Sunday, August 25, 2013

Dan's blackened-chicken pasta salad.

Blackened-chicken pasta salad with honey mustard dressing. © Ryan Schierling
When you move away from things you love, you will find there are some very necessary instances where you'll attempt to recreate them as best you can. Sometimes it's trying to find a feeling, a recollection, or a solid sense of place. The intangibles are always the most onerous to rediscover. Thankfully, when it comes to reviving a food-related impression, it's not terribly difficult to do. Olfactory and taste perceptions bring back memories in powerful ways that other senses seem to clumsily mishandle with feeling and emotion. My most-cherished meals are wrapped with importance and warm remembrance – a single bite will bring forth a flood of memory and stories to retell. 

This simple blackened-chicken pasta salad with rotini, black olives, tomatoes and honey mustard dressing is not my food memory – it is the fond reminiscence of a lifelong friend who has carried it with him and shared it with his friends and family. I am thankful to be a part of that group, and it has been a part of our wee suburban cabin family collection for a while now.

Dan shared this dish with me when we were living at Ghetto Melrose in Seattle. He's been making it since he moved from North Carolina to Kansas, to Washington state and then back to Kansas. Originally a favored menu item at the now-defunct Harrison's Bar & Grill in Cary, North Carolina, not much has changed in his (and our) preparation.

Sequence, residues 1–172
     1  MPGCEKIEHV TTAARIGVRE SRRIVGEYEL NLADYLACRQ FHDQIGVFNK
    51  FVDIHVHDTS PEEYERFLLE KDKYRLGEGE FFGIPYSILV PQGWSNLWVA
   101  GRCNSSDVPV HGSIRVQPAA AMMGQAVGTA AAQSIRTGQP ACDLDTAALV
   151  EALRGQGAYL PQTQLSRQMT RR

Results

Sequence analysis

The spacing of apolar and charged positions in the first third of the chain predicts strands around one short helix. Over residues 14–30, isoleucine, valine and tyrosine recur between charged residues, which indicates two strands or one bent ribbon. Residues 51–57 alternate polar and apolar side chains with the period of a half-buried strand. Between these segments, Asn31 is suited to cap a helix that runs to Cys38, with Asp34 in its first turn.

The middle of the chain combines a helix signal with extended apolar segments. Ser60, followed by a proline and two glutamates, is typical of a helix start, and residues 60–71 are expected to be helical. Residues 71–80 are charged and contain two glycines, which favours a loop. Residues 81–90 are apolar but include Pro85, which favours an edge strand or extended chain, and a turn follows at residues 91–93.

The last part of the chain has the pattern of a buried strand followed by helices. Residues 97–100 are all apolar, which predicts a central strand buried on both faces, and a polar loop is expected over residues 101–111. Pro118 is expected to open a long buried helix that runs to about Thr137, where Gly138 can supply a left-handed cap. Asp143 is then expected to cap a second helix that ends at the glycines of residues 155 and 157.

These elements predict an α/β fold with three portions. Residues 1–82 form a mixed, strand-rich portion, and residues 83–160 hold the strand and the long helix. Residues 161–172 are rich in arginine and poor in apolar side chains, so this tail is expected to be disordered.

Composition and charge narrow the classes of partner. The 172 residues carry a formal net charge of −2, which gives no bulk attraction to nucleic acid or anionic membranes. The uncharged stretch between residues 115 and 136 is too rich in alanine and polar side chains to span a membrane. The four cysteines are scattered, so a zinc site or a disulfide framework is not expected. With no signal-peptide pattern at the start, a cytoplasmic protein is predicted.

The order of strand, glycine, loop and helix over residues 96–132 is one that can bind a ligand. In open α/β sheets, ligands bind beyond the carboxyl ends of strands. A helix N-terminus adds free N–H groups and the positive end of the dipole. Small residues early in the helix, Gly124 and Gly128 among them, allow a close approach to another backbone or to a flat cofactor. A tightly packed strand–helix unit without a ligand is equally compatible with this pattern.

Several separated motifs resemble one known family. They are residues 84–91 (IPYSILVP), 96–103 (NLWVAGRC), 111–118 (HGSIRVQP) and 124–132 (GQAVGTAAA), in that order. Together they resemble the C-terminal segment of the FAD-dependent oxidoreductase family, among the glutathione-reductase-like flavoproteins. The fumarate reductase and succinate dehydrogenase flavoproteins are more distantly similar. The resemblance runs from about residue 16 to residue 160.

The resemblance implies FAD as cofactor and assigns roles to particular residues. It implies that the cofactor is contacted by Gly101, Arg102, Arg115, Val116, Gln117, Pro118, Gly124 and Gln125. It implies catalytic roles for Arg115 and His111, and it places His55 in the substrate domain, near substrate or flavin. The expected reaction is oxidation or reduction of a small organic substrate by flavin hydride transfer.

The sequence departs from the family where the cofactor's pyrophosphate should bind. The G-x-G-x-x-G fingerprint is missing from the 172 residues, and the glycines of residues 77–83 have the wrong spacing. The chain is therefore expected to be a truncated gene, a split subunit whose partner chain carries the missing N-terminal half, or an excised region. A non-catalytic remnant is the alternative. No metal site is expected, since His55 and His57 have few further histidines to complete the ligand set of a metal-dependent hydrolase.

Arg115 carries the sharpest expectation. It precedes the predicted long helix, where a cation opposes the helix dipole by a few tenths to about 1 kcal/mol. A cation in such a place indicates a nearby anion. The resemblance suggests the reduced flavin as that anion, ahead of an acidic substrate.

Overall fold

It's easy to over-think things when they're uncomplicated. Over the years, I've entertained thoughts to fancy-up the honey mustard dressing, to use a different pasta altogether, or to change the chicken presentation, but it's just not necessary. My only exceptions currently are minor aesthetics – to use plain rotini instead of tri-color (a neutral canvas), sliced cherry tomatoes instead of a chopped tomato (to match the size and shape of the sliced black olives), and to brine the chicken breasts for a few hours before seasoning and cooking them in a cast-iron skillet (all chicken in this household gets brined, period). 

When all is said and done, the flavors and textures will be exactly what I know them to be – satisfyingly rich, tangy, sweet and salty – and sure enough, it immdediately brings me back to that shared Ghetto Melrose flat with the very first bite. For Dan, I'm betting it takes him straight back to Harrison's Bar & Grill, and the good times spent there.

Blackened Chicken Pasta Salad (adapted from Dan Ferrell)

2 boneless chicken breasts, brined
Blackened seasoning
1 16-ounce package dry rotini (or fusilli) pasta
1 14.5-ounce can large black olives, drained and sliced
1 cup cherry tomatoes, sliced

Honey mustard dressing
     1 cup real mayonnaise
     3/4 cup yellow mustard
     1/2 cup honey
     1 tablespoon lemon juice (about 1 large lemon)
     Black pepper, to taste

Crispy bacon bits (optional)